Conlon is pursuing a joint degree in math and computer science and will be spending his summer at Washington University in St. Louis conducting research in the field of computer science.

Hello, World

Elderly couple stung to death by swarm of bees in Texas

An elderly couple was stung to death by a swarm of bees in McCallen, Texas on April 16th.
The husband and wife, in their late 90s, and their son, 67 years old, were cleaning out their hunting cabin when they were attacked. The son, still hospitalized, says they were moving an old wood burning stove when the hive was exposed. The son, Richard Steele, tried to run from the cabin but fell and was immediately stung by hundreds of bees. His parents, William and Myrtle, were hospitalized and died soon after. Richard Steele drove 15 miles to the nearest road after the attack where he called for help on his cell phone. Authorities say that the hive was most likely one of Africanized honey bees, more commonly known as killer bees. As a result of this tragedy, the US Department of Agriculture is distributing advice as to what to do when facing swarms of bees.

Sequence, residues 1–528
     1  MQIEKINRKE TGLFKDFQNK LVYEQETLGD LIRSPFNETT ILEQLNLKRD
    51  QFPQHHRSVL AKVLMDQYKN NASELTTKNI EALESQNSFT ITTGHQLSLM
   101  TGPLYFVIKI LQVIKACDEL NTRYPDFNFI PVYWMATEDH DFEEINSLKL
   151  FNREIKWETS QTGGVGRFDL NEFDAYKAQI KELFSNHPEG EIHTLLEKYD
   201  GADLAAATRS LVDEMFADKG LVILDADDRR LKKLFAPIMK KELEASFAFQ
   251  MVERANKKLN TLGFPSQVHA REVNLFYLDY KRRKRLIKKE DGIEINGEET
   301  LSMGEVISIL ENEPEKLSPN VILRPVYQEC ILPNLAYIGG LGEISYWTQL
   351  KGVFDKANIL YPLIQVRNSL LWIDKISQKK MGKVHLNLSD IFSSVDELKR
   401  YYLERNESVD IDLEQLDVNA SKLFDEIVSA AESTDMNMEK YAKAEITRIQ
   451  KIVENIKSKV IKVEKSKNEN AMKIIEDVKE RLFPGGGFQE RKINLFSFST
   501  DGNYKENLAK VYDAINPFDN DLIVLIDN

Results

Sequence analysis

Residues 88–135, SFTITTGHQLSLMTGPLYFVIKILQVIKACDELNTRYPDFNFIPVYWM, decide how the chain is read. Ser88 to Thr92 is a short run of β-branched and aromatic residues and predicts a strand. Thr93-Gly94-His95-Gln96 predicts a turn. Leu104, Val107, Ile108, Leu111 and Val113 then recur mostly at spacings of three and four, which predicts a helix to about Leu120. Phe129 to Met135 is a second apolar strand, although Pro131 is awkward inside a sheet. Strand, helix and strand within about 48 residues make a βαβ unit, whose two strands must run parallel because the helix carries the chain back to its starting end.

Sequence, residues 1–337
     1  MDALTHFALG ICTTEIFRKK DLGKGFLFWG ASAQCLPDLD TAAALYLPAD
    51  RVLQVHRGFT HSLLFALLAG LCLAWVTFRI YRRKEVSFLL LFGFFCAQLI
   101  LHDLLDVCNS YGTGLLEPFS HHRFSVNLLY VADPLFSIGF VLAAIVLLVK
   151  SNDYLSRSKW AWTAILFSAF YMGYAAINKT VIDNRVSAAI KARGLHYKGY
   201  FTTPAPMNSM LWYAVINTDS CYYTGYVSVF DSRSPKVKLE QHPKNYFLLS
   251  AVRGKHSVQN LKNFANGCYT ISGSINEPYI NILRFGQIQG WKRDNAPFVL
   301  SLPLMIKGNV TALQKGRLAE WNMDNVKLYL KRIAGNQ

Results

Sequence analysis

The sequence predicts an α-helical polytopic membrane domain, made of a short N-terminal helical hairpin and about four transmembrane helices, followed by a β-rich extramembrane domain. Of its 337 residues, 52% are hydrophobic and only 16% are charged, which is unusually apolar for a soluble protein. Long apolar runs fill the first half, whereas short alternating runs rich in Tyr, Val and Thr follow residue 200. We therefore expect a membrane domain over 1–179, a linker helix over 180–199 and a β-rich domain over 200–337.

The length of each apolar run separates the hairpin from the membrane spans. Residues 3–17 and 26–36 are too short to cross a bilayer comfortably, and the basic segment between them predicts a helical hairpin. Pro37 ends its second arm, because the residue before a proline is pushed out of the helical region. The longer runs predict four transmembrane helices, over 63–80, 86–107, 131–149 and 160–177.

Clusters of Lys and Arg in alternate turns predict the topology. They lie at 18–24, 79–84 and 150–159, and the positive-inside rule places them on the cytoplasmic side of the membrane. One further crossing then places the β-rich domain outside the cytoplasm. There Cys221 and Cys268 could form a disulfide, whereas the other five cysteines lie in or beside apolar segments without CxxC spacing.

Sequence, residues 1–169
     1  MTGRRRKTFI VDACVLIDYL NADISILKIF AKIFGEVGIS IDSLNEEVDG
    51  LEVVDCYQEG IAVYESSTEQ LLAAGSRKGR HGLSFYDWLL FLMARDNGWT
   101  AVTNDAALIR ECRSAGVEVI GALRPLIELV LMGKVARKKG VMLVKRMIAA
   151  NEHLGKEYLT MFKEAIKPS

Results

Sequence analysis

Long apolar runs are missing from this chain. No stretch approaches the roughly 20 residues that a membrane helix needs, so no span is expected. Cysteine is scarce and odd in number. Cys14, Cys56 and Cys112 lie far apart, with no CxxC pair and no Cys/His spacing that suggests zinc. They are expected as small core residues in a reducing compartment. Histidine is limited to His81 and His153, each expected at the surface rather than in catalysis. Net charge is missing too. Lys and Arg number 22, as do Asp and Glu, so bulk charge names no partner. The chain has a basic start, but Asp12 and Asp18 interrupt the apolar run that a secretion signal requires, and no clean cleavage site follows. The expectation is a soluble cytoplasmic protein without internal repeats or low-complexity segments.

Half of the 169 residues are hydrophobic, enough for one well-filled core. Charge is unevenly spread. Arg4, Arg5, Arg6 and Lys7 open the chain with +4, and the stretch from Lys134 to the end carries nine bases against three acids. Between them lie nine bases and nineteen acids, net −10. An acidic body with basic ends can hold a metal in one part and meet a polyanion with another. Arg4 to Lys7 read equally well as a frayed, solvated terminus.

Social networking goes political: friend Obama on Facebook

As President Obama gears up to increase Democratic constituencies, he is gainingnew friends in the social networking world. Obama participated in a “town hall” on Wednesday, April 20, at the Facebook headquarters to be broadcast to millions of users.
Obama stated his motivation for speaking at Facebook was to prove that “there are many ways to speak to the American people.”
The question arose as to how effective the use of social networking sites is for political gain.
According to recent statistics only 1 in 5 internet users utilize social networking sites for politics. Statistics also say that more Republicans than Democrats use these sites for gain; hence Obama’s recent attempt to gain Facebook followers.

85-year-old sailor fulfill his dream

An 85-year old British sailor recently completed a 66-day trek across the Atlantic ocean—on a raft. His childhood dream was fulfilled with three of his lifelong friends. The raft was a large sail-powered craft that survived the two-month journey unscathed except for some damage to two of the rudders. Their goals were not only to fulfill dreams but also to raise awareness about the environment and use of eco-friendly watercrafts.